Why did I do that? Unexpected reasons for taking decisions – and what to do about them

While decision-making is a fundamental part of an executive's life, research by IESE professors shows that we don't always take decisions for the reasons we think.

 

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Some studies estimate that we take 200 decisions a day … just related to food. That’s so many decisions that we can’t possibly put reasoned thought into every one of them, meaning that we make many choices without full awareness or room for reflection. Why is this relevant to the workplace? Because decision-making is a fundamental part of an executive’s life, and the impact of those decisions goes far beyond wondering why we had a second serving of potatoes at dinner.

Recent research by IESE professors has looked at a number of these sometimes unexpected reasons behind the decisions we take. Here, some of those findings – along with what you can do to make sure your decisions are sound:

We take more risk with percentages: Our attitude toward risk is different when options are presented as percentages or fractions, then when they’re presented as numerical figures. In other words, we react differently if potential loss is described as 10% or as €2,000 – even if objectively they’re the same.

  • What to do: Try framing options as both a percentage and a number before you make decisions to ensure that you’re not reflecting this bias. Also, be aware that you may be more convincing to risk-averse clients if you present options as percentages.

We magnify extremes: While Hillary Clinton supporters normally think that people who voted for Donald Trump were drawn to his radical views on immigration, Trump supporters themselves indicate they actually were looking more at his economic policies. Research shows that we have a tendency to give too much weight to extreme positions to arrive at quick judgments, prompting us to dismiss other factors which could have influenced these decisions.

  • What to do: Ask yourself what business positions or people you have dismissed for their apparent “extremity.” Then ask yourself whether you may have made erroneous inferences about them, and whether other, more nuanced factors, may have been at play.

We have too much information: You may think that the more tools for complex analysis the better, but frequently more information simply means greater risk. Studies suggest that, contrary to conventional wisdom that more information is always better, too much information can skew your risk perception and create alarmism and waste.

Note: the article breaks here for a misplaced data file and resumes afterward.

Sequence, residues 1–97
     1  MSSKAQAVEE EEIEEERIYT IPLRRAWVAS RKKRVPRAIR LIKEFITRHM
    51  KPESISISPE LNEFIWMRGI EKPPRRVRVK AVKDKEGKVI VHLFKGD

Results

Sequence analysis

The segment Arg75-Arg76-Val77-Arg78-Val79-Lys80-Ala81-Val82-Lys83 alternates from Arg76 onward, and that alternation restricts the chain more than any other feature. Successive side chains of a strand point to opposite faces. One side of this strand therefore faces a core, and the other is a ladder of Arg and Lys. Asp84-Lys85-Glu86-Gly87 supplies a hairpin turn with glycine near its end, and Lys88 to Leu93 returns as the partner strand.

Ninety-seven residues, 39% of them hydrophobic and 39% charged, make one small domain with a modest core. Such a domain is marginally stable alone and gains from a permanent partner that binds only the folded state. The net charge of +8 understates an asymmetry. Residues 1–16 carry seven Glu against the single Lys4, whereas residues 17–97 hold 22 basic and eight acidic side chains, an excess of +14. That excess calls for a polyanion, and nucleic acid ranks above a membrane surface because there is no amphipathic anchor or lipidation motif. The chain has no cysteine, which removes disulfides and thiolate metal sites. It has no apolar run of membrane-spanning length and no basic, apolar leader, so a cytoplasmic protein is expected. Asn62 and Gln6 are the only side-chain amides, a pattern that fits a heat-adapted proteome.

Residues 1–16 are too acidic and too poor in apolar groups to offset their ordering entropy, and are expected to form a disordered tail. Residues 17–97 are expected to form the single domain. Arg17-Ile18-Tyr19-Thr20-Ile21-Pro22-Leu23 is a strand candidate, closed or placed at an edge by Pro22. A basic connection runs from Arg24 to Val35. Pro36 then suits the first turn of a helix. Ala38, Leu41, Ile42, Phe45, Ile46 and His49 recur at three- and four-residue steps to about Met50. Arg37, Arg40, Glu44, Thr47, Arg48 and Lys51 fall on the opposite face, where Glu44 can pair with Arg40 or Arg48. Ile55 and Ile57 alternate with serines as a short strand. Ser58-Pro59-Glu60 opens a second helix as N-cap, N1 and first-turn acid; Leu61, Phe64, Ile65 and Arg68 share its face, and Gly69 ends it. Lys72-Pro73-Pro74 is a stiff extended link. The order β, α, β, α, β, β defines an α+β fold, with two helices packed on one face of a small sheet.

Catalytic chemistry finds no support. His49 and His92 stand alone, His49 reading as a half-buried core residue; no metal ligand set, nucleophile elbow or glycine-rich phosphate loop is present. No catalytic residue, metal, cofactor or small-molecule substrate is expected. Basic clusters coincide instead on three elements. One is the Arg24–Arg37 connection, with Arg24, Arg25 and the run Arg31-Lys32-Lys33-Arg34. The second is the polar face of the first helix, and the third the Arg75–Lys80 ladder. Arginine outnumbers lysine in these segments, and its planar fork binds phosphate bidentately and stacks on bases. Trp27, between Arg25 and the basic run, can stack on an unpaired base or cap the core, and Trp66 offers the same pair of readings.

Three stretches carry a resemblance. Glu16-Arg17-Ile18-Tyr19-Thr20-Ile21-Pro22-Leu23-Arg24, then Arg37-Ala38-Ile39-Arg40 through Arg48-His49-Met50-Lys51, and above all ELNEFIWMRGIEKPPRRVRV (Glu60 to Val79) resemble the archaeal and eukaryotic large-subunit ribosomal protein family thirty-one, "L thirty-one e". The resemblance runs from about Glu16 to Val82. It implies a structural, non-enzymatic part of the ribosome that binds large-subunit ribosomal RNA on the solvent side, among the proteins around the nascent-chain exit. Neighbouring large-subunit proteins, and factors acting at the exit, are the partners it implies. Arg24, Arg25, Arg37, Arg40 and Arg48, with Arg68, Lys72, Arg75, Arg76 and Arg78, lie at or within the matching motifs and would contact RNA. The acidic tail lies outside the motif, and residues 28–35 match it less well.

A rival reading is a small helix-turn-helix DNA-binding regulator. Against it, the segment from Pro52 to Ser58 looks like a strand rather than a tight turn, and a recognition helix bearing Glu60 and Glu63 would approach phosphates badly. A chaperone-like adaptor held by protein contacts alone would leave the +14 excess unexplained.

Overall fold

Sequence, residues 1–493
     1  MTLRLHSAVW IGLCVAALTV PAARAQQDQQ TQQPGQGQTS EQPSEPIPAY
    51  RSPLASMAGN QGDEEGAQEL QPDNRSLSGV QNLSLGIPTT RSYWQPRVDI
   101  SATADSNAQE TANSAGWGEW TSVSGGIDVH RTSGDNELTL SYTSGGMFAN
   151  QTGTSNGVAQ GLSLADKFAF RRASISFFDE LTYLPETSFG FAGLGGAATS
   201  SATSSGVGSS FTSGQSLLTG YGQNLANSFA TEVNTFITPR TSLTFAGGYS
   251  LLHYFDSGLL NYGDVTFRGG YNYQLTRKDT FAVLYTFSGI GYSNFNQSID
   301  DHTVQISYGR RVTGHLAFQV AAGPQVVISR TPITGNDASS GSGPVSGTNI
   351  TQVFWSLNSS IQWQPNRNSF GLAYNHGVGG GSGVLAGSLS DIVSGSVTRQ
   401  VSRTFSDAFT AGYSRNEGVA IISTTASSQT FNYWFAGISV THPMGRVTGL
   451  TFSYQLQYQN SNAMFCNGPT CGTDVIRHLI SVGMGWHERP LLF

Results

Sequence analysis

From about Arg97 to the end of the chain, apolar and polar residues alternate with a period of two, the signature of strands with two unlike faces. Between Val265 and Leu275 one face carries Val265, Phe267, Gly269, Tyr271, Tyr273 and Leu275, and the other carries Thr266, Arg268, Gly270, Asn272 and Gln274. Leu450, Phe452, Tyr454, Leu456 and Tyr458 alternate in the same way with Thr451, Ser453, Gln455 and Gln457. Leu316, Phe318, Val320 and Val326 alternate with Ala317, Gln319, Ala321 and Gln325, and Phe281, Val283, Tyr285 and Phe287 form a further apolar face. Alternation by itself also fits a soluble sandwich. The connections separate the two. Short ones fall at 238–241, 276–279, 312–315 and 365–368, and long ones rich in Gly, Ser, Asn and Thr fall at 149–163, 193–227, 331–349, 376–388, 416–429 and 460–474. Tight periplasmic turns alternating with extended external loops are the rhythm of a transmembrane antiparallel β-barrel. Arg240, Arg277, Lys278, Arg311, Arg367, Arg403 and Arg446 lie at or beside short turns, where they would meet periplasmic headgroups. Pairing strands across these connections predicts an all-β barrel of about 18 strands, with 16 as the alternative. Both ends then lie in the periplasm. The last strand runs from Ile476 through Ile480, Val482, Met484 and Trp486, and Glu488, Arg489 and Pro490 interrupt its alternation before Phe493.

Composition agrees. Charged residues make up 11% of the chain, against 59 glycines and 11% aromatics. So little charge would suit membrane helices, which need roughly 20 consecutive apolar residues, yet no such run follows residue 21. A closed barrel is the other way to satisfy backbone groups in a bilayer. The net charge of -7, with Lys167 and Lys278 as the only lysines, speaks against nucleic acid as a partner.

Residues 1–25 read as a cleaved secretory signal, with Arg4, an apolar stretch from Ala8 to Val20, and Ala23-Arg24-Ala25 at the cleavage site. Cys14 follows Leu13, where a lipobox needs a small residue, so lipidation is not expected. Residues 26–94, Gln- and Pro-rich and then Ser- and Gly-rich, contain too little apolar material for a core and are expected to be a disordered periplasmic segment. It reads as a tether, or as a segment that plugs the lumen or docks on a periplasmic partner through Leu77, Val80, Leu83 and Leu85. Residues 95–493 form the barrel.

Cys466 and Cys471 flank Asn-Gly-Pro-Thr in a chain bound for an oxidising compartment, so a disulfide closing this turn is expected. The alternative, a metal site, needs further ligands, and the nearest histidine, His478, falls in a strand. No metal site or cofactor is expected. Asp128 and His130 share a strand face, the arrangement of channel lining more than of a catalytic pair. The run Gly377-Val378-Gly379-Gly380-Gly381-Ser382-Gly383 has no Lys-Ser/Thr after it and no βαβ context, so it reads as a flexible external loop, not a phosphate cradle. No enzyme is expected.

• What to do: Choose your information, along with the tools you’ll use to process and evaluate it, wisely. Less can be more.

We’re unpredictable under pressure. You may consider yourself to be a cool-headed executive, but research has shown there’s a “cold-hot” empathy gap that prevents us from knowing how we’ll react to a high-pressure situation before we’re in it.

  • What to do: Take a more considered approach when going into situations you know may escalate. For example, if you’re involved in competitive bidding, you should not only prepare for the auction — e.g., set a price limit for how much you’ll spend — but also acknowledge how escalating pressure could change your frame of mind as the bidding unfolds.

We like complete sets: We are intrinsically drawn to completion and perceive a whole as greater than its parts. It has been shown that grouping tasks (even if it’s arbitrary) makes people want to complete the set and can nudge a decision. This phenomenon is also valid for purchases. Think about it: When’s the last time you bought five of something that’s normally sold as a six pack?

  • What to do: Set framing can be a powerful tool to inspire and motivate workers to get things done. Approach and assign tasks not as a single item, but as a whole.

Executives who want to take better decisions should be aware of these different processes in order to act rationally and to avoid mental biases. Limiting the number of errors committed unconsciously is fundamental to improving your results. And, to complete the set, some final recommendations:

  • Take a look back: Self-criticism is key. It’s important to analyze your decisions to detect errors, weaknesses and possible cognitive biases that may have impacted your analysis. An excess of confidence can have serious consequences.
  • Listen to the voice of experience: It’s important to seek the advice of people who have faced similar situations, as well as to analyze the outcome of similar situations in the past.
  • Never stop learning: Education is crucial to establishing the criteria for decision-making. Better decision-making is a cornerstone of many of our programs, whether it’s general management programs such as the Advanced Management Program, the Program for Management Development, or Driving Leadership Potential, or shorter-term programs such as Getting Things Done or Developing Leadership Competencies.

Want to read more? Here’s some of the research:

Mindless Eating: The 200 Daily Food Decisions We Overlook

Probability or Price? Form Matters When it Comes to Risk

Are We Perceiving More Polarization than There Actually Is? 

How Not to Lose Your Head in a Bidding War

Blowing the Budget: Analytics, Risk and the Race to Overspend

That Missing Piece: Playing to Our Need to Complete Sets

This post is also available in: Spanish

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